The dog barked and splashed in the water next to the 49er as he was cleaning out his sluicebox. He could see some choice nuggets in the riffles and as he reached in to pick up a good-sized chunk, his dog bumped his arm sending it back into the stream. The miner was about to curse his best friend when he spotted something glistening under the water next to his fallen gold nugget.
His eyes were not the best at his ripe old age of 38 but there was no mistaking this observation. He carefully reached into the water, first picking up his fallen nugget, then grabbing onto the bigger piece and brought it out of the water to look at it. Within a milky white chunk of rounded quartz was a half-inch vein of gold. The miner shouted “Eureka!” He grabbed his dog and gave him a big hug, telling him “good boy, you have a nose for the gold!”
The dog and the miner played in the water for the next hour, splashing each other, throwing sticks, and laughing and barking up a storm, then the miner went back to work. The dog curled up on the bank of the stream in the warm California sun and watched the man work. It was another good mining day and visions of a heaping dog bowl filled his mind as he drifted off to doggie dreamland.
The 49ers were often lucky and chance would play a large role in finding rich pockets of gold along the stream banks in the California Mother Lode. Perhaps there was just so much gold that it wasn’t luck at all, maybe all they just had to do was perform the hard work necessary to find it. More likely it was a combination of both luck and hard work.
Good miners have 20-20 gold vision. They call it “reading the river”. Being able to use their mind’s eye to see where the old river channel was under all the flood gravel or vegetation. Gold is 19.3 times heavier than water so the larger nuggets and the majority of the gold (called the “paystreak”) will be within inside bends of the stream, behind natural rock ledges or underneath large boulders. It is the boundary between swift and slow water. These features often become buried over time or the river moves to another part of the valley, hiding where the past river channels really were. Being able to read the river is critical to optimizing the prospector’s limited resources to get the most gold.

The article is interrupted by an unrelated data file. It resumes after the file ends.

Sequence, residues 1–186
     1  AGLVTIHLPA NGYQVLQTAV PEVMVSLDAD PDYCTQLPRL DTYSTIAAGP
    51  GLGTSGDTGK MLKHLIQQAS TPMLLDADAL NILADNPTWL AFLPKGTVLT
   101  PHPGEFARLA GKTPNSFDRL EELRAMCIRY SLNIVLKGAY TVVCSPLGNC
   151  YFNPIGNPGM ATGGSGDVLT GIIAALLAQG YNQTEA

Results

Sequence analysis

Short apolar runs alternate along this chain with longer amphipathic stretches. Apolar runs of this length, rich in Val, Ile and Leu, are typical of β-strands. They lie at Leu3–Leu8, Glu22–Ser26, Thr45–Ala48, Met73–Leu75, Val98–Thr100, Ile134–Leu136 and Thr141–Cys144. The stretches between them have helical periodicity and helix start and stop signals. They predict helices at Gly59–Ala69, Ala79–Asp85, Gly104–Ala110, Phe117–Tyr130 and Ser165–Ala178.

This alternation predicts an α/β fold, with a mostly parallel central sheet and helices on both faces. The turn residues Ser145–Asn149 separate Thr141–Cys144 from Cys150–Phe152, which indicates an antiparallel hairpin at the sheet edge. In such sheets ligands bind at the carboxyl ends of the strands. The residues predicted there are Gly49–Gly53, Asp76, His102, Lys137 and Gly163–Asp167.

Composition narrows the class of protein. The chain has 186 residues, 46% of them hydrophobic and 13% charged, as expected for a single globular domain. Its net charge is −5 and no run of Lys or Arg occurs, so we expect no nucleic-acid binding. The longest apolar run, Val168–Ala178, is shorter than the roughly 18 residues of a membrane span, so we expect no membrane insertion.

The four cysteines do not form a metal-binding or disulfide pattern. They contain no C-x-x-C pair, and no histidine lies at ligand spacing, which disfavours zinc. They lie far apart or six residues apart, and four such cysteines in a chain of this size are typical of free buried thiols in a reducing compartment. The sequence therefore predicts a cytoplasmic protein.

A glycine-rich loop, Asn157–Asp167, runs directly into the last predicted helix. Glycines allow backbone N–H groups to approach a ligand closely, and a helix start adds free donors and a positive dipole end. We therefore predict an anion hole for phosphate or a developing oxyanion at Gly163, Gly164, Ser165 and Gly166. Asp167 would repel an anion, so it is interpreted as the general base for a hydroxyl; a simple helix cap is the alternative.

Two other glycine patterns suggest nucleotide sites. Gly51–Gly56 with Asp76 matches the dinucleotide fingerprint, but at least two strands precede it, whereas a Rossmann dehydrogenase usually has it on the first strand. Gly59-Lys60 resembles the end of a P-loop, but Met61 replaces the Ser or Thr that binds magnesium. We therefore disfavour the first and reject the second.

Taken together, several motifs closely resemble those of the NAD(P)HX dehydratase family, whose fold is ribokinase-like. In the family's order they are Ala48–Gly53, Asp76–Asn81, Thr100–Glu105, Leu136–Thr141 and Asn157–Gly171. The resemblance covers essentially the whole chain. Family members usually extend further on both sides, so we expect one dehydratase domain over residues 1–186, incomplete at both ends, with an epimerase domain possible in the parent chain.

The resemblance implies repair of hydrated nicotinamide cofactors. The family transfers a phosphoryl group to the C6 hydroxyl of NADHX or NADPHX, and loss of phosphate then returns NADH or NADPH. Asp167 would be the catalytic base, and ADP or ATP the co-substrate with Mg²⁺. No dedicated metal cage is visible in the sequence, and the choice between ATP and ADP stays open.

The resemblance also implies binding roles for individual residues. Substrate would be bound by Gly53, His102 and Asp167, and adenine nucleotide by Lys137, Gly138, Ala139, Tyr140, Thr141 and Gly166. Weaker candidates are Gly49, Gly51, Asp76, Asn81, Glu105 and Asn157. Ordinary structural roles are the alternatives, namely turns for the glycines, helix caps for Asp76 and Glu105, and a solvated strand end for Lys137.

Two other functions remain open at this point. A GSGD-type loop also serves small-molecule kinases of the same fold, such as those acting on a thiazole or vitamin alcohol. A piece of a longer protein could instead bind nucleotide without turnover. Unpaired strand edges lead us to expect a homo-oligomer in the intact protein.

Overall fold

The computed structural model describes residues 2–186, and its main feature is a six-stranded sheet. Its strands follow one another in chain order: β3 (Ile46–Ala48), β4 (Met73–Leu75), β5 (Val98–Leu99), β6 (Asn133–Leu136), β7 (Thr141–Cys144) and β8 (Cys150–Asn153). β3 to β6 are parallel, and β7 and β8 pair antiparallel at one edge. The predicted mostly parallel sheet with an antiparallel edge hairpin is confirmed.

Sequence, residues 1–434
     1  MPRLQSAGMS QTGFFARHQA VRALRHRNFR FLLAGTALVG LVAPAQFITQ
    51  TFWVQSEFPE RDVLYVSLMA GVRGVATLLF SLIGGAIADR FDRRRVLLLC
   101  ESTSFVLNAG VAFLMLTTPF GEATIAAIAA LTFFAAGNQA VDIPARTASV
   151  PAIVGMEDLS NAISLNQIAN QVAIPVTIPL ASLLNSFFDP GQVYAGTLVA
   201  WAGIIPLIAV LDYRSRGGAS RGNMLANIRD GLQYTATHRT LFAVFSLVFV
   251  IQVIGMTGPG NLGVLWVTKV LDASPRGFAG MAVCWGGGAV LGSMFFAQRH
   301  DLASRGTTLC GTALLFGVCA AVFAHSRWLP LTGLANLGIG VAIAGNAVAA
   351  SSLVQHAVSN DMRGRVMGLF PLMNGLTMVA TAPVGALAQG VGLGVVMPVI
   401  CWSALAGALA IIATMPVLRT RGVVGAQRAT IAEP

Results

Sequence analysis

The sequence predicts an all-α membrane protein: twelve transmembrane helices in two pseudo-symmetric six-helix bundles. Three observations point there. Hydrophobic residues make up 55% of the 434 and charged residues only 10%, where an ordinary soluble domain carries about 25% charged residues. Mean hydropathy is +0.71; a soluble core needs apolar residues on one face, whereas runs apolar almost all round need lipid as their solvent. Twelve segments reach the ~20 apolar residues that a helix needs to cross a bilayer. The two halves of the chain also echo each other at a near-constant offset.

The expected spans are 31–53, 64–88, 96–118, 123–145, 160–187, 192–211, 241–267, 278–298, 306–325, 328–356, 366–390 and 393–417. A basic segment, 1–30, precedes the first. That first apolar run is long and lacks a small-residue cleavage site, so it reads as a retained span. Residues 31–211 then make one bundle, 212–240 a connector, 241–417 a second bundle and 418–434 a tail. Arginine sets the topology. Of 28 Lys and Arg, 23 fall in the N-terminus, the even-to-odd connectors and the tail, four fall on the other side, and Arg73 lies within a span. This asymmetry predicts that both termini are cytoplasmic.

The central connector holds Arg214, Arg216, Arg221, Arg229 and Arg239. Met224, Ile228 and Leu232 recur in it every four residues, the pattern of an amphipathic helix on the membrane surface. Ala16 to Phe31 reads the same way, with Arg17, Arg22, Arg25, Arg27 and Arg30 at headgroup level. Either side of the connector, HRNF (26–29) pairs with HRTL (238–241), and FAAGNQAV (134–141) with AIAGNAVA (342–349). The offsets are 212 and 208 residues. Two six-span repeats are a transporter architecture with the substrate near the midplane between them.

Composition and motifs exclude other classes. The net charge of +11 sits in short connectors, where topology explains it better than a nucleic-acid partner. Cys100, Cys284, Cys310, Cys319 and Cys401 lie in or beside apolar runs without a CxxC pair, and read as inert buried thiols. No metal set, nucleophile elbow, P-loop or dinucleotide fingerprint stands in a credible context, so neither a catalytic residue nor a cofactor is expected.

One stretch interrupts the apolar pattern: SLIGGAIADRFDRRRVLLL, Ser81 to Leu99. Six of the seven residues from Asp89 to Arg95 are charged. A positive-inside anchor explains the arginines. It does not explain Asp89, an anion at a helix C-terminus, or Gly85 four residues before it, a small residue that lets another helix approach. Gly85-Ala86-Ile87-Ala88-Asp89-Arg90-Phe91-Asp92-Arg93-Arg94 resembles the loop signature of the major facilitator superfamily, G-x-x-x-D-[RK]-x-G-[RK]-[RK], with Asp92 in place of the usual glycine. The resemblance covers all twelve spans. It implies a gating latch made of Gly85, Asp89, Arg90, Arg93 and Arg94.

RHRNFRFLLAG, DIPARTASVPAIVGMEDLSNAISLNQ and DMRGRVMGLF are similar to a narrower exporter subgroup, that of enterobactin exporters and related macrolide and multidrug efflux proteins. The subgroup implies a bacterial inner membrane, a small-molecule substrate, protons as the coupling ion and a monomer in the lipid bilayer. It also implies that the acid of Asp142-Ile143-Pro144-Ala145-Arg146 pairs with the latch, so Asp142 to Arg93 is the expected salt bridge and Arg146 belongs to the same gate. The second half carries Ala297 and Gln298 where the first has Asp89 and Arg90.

Reading the river is very important in the upland creeks and streams too. Here, gold tends to concentrate a bit differently. Bedrock is more common and flood scouring plays a more important role. Imagining how the gold particle, flake, picker, nugget or even the slammer would react and then deposit given those conditions is paramount. Imaging what the bedrock looks like under several feet of gravel is a prospector’s gift. Once you have 20/20 gold vision, you too will be in the pay and on the gold. There is still a lot of gold left in them thar hills!
There is a modern day gold rush going on right now and you can be apart of it too. Go out and give it a try. Get yourself a mining claim, talk to a geologist, buy some simple prospecting tools and join the rush. It is something within our blood – something that we feel is right. Today’s miners are smarter than every before. They have better tools to recover the precious metal and the wisdom to work with Mother Nature. Today’s miners are responsible citizens and reclamation is part of their mining process.
It is a thrill to find your first gold speck, flake or nugget. Once you do, you will be hooked forever. It is fun for the whole family and who knows, maybe, just maybe, if you are a wee bit lucky… you too will jump for joy, click your heels, and shout “Eureka! I found it!”
Charles P. Watson is the chief geologist at Advanced Geologic Exploration, Inc. located in Chester, California. He can be reached at firstname.lastname@example.org or at www.advancedgeologic.com
Advanced Geologic is a purveyor of high quality gold mining claims. They also provide superior mining and geologic advice and can assist you with your all permitting needs. The gold rush is on! Contact them and claim your fortune!